Pietro Priola was beaming yesterday as he welcomed customers into his little Italian grocery shop on Market Space and urged them to take home some fresh pasta and his personal marinara sauce.
He already was gearing up to cook even larger vats of his special sauces when expands into the grocery store in the fall with the blessing of the Annapolis city council.
"We're very happy," Mr. Priola said of the council's unanimous vote Monday night to back the expansion of the restaurant next door that is run by his mother, Maria Priola.
Mayor Alfred A. Hopkins and the eight aldermen emphasized their commitment to downtown development as they endorsed the popular restaurant's application to nearly double in size.
"Maria's is significantly different from a vast majority of food establishments," said Alderman John Hammond, a Republican who represents the historic district. He agreed with other council members, who praised the restaurant as one of the few 'f family-run businesses left amid the chain stores lining the downtown streets.
Meanwhile, Mrs. Priola hugged several customers who showed up for the vote. Her proposal to expand her restaurant into the adjacent two-story building touched off an emotional debate over the future of the downtown business district.
Faithful customers and even competitors heartily supported the Priolas' plans to increase he number of seats from 77 to 149. Customers who testified on behalf of the restaurant two weeks ago praised the food and hospitality but decried the long wait for tables.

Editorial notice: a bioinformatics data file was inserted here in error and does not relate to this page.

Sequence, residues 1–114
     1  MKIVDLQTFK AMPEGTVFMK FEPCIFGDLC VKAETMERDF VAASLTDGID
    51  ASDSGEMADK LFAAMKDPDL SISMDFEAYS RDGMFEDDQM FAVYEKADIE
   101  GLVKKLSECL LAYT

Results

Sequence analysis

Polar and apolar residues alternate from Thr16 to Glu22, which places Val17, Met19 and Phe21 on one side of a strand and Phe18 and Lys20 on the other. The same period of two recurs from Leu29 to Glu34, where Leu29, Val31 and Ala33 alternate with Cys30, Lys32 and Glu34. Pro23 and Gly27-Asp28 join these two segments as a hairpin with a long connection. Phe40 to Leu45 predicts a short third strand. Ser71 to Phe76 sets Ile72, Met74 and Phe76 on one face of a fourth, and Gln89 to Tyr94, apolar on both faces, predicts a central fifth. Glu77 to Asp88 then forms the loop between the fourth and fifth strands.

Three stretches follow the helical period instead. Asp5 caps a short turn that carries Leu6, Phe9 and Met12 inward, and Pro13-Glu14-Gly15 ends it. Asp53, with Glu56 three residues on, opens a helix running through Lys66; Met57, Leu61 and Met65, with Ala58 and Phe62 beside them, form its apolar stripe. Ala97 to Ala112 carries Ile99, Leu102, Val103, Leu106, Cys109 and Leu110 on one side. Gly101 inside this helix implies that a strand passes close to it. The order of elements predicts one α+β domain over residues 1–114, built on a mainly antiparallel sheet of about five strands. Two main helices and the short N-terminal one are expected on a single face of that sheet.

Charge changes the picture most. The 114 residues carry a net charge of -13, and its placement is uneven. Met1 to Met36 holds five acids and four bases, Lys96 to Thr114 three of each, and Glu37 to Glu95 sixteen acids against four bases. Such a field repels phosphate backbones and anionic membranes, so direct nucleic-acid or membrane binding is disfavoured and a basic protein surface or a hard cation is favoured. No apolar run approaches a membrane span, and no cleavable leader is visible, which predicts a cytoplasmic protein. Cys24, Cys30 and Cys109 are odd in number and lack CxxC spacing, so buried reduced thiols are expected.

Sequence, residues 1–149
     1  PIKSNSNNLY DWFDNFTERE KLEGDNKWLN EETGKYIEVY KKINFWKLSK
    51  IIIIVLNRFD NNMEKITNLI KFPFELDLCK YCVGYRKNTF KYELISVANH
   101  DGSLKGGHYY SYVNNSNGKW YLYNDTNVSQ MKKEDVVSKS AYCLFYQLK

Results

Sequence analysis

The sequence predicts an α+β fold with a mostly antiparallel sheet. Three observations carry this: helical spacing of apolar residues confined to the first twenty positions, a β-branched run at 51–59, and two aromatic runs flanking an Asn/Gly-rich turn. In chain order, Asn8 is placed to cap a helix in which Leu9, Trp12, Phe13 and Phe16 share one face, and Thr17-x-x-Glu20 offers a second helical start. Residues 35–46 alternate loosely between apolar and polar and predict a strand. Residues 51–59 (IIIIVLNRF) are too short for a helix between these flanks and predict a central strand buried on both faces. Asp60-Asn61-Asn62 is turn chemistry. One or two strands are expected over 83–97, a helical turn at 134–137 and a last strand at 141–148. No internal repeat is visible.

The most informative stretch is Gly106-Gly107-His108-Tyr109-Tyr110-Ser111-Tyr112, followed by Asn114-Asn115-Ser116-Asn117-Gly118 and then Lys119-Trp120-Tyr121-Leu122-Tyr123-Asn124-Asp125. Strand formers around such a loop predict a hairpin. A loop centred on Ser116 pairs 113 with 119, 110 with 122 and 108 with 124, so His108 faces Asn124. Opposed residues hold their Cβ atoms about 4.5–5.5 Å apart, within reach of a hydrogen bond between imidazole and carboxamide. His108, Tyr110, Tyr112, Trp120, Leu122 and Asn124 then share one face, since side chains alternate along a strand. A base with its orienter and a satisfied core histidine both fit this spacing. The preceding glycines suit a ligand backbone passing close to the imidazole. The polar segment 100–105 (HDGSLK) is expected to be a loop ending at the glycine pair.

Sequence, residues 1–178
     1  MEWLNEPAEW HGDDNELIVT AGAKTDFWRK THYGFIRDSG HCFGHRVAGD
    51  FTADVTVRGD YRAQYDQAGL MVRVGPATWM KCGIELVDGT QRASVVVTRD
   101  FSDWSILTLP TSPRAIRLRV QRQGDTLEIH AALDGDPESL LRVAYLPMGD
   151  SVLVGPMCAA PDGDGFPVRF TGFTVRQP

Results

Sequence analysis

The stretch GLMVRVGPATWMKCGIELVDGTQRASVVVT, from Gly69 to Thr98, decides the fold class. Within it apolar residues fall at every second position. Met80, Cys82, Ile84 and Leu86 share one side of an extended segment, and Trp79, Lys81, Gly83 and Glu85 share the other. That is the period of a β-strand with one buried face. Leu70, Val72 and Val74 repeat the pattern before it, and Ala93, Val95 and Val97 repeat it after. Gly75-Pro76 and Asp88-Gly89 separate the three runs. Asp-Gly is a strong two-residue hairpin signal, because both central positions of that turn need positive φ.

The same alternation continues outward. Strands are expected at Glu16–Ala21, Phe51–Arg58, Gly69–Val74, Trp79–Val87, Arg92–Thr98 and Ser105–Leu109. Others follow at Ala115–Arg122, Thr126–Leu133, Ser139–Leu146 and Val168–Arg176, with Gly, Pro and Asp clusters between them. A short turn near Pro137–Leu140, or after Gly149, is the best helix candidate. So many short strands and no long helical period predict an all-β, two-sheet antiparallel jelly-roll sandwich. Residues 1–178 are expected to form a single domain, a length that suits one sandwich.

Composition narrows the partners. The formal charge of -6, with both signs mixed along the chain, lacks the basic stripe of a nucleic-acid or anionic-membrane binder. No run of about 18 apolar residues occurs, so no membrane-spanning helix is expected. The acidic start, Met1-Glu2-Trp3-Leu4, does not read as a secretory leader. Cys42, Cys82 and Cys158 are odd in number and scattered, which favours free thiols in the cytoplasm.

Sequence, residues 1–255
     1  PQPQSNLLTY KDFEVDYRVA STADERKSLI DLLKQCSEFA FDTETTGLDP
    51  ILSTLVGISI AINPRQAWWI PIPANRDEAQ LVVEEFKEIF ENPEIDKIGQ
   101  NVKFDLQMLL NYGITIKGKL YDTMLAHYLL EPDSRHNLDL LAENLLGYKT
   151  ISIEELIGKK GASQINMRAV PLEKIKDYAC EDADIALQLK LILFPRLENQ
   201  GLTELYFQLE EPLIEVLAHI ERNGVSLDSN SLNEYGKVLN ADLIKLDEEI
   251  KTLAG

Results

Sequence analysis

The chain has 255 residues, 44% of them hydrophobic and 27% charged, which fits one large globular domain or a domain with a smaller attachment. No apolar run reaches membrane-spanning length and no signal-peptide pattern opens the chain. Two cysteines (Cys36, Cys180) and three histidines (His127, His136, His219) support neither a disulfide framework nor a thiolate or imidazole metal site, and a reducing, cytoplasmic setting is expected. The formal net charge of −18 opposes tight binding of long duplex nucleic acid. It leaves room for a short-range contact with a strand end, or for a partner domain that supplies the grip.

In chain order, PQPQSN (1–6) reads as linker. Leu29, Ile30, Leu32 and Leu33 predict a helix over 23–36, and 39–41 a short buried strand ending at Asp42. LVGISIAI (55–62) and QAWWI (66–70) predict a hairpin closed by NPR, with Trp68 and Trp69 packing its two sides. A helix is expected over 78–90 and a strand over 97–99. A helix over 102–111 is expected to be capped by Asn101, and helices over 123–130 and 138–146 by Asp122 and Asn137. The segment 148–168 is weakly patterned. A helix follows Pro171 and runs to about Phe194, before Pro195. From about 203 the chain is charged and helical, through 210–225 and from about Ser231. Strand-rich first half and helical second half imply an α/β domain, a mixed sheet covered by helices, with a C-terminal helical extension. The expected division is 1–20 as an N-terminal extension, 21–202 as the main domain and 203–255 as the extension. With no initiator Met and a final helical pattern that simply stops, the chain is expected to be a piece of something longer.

Yet some downtown residents worried that the carefully preserved historic district would turn into a boardwalk or food court with "wall-to-wall restaurants." They said they were fond of Maria's, but objected on principle to centering the city's economy on tourism and restaurant business.
And the Ward One Residents Association, which opposed the expansion, was sharply criticized by business leaders and some council members for trying to put the brakes on development at a time when the city's economy appears troubled.
Empty storefronts and offices are increasingly common on Main Street as businesses struggle through the recession. City leaders are worried that the problems will worsen if the Circuit Court moves from its spot on Church Circle, a move that state and county officials are considering.
Ms. Priola and her son plan to continue running the Italian grocery store in the next-door building, empty since a toy store moved to Main Street, until the expansion, scheduled for late October or November.